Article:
Has your company published a supplier code of conduct? Most likely it has. Is it conducting supplier audits to ensure that the code of conduct is being followed? Maybe. Does it have a plan in place if you turn up something truly ugly? Doubtful. Would you publish those results if they were bad? Yeah . . . probably not.

Enter Apple, which recently released its latest Supplier Responsibility 2011 Progress Report, which outlines the specific findings of its own supplier audits. The results?

“In 2010, our audits of 127 facilities revealed 37 core violations: 18 facilities where workers had paid excessive recruitment fees, which we consider to be involuntary labor; ten facilities where underage workers had been hired; two instances of worker endangerment; four facilities where records were falsified; one case of bribery; and one case of coaching workers on how to answer auditors’ questions.” (Source: Apple Supplier Responsibility, 2011 Progress Report)

 I give Apple high praise for making this information public. Hopefully, it has a ripple effect in the industry and we’ll see more transparency. Public sentiment does not separate the company that assembles an iPad from the Apple brand. Even if you’ve outsourced the supply chain, there’s still a corporate responsibility to ensure that socially and environmentally sound business practices are taking place. And this goes for subcontractor relationships too — yes, in the eyes of the consumer, you are responsible for your supplier’s supplier’s actions. Apple gets this.

 What else can other companies learn here? I encourage all vendor management organization (VMO) and governance, risk, and compliance (GRC) practitioners to read Apple’s report. It’s relatively high level but can still serve as a good foundation to cross-check again your own supplier auditing practices (see Figure 1). Here are a couple of key recommendations:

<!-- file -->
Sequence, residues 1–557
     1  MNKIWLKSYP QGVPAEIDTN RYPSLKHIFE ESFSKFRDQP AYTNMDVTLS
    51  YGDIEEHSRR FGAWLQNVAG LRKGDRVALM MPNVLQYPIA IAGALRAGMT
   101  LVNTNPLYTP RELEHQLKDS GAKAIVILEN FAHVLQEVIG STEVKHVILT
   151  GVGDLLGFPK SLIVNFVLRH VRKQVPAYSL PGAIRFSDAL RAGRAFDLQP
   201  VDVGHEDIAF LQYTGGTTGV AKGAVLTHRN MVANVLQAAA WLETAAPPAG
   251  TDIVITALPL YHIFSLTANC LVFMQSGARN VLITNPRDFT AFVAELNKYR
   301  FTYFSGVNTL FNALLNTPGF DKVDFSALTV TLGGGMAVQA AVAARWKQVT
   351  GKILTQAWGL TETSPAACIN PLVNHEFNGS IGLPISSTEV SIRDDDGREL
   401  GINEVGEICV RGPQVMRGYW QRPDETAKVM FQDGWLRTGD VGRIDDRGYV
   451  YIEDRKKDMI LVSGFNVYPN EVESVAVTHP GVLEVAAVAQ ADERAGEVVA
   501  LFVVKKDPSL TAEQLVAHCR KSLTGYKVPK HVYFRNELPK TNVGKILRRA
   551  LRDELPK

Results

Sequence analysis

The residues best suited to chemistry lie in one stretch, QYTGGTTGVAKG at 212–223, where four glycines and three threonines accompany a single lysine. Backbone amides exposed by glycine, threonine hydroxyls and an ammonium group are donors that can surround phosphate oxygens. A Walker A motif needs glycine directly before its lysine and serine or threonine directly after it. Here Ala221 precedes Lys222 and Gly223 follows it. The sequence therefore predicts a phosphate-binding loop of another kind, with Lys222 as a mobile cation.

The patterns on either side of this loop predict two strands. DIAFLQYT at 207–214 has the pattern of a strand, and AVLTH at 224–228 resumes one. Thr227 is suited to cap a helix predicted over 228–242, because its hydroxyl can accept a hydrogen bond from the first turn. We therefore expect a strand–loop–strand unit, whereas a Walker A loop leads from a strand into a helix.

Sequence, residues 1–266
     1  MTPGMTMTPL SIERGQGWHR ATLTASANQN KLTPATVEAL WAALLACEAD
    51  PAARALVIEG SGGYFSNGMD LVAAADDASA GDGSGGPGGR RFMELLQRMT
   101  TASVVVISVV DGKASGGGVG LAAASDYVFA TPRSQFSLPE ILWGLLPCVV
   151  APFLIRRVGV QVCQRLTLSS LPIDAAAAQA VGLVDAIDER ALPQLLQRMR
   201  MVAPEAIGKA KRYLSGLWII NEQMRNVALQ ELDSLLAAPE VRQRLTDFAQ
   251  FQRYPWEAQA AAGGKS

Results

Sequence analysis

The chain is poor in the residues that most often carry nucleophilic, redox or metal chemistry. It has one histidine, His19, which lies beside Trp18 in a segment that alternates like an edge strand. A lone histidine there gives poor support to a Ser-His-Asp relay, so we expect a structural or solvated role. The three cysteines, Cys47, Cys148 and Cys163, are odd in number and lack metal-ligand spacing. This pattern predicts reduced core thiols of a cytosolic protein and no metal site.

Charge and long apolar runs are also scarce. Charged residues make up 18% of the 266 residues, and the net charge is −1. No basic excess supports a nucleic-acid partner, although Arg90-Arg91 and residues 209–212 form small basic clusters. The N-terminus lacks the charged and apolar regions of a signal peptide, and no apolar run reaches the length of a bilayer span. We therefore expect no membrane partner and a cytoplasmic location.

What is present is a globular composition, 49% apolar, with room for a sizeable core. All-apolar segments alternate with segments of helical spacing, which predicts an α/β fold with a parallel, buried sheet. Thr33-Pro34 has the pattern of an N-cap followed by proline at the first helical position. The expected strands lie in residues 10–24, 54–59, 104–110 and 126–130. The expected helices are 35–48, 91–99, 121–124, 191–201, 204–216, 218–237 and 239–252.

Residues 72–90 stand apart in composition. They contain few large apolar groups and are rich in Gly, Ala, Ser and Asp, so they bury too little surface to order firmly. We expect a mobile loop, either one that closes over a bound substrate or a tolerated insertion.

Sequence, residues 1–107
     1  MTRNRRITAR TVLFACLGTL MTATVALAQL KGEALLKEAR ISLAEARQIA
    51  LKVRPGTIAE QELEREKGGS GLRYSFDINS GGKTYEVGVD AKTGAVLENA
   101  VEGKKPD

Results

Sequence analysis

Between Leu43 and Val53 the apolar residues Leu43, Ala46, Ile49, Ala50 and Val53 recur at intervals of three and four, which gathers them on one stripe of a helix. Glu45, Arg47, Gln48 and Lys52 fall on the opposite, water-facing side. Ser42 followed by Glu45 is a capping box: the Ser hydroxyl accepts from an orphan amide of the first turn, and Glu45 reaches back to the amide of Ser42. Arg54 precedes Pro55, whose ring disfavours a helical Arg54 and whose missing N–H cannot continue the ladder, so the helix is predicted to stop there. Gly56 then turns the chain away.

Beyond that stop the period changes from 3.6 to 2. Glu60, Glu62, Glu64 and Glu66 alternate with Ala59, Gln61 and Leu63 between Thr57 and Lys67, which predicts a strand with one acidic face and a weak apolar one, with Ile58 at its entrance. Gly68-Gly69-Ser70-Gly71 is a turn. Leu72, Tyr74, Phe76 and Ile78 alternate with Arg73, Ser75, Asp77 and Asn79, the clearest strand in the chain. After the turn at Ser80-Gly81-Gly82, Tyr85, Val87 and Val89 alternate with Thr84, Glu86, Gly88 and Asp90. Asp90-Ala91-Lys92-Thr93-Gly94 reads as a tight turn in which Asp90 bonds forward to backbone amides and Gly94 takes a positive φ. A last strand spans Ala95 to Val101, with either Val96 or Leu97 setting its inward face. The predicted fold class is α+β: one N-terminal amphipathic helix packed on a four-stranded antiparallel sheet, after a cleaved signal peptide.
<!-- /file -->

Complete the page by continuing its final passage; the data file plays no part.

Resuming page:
1. Create a back-up plan when it comes to mission-critical suppliers.The types of issues that Apple has turned up are more common than most people think. Once you really ramp up an auditing program, your company is bound to unearth labor and human rights, health and safety, and environmental issues with suppliers. What’s the plan when that happens? Companies have to be ready to pull the plug on a supplier as soon as a major violation surfaces. Key takeaway: Do some deep thinking as to what constitutes a “core violation” and come up with a redundancy plan.
  2. For noncore issues, set remediation in place.Once you start terminating contracts, your other suppliers will perk up and pay more attention to their own practices and will be a lot more receptive to any remediation plans put in place. Terminating a relationship with a critical supplier is tough and can disrupt the business. Companies can get ahead of these issues by putting processes and tools in place.

What do you think? Should Apple be congratulated for its openness, or are they just trying to get ahead of the ever-pervasive media by releasing this information themselves?